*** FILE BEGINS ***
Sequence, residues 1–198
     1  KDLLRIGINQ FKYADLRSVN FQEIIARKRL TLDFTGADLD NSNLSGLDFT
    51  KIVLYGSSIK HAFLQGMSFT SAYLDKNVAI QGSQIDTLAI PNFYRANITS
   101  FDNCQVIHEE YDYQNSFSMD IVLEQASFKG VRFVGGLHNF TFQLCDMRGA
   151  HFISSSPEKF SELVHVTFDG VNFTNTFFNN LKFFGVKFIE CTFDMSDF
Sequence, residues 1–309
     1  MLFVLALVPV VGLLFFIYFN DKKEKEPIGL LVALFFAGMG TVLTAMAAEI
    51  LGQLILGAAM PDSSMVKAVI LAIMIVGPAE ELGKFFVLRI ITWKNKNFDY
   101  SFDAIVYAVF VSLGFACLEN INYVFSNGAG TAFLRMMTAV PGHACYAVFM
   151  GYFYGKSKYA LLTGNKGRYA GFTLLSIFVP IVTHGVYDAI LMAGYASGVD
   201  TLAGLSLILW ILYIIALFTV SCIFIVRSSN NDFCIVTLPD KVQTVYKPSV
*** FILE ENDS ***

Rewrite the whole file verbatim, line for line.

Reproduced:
Sequence, residues 1–198
     1  KDLLRIGINQ FKYADLRSVN FQEIIARKRL TLDFTGADLD NSNLSGLDFT
    51  KIVLYGSSIK HAFLQGMSFT SAYLDKNVAI QGSQIDTLAI PNFYRANITS
   101  FDNCQVIHEE YDYQNSFSMD IVLEQASFKG VRFVGGLHNF TFQLCDMRGA
   151  HFISSSPEKF SELVHVTFDG VNFTNTFFNN LKFFGVKFIE CTFDMSDF
Sequence, residues 1–309
     1  MLFVLALVPV VGLLFFIYFN DKKEKEPIGL LVALFFAGMG TVLTAMAAEI
    51  LGQLILGAAM PDSSMVKAVI LAIMIVGPAE ELGKFFVLRI ITWKNKNFDY
   101  SFDAIVYAVF VSLGFACLEN INYVFSNGAG TAFLRMMTAV PGHACYAVFM
   151  GYFYGKSKYA LLTGNKGRYA GFTLLSIFVP IVTHGVYDAI LMAGYASGVD
   201  TLAGLSLILW ILYIIALFTV SCIFIVRSSN NDFCIVTLPD KVQTVYKPSV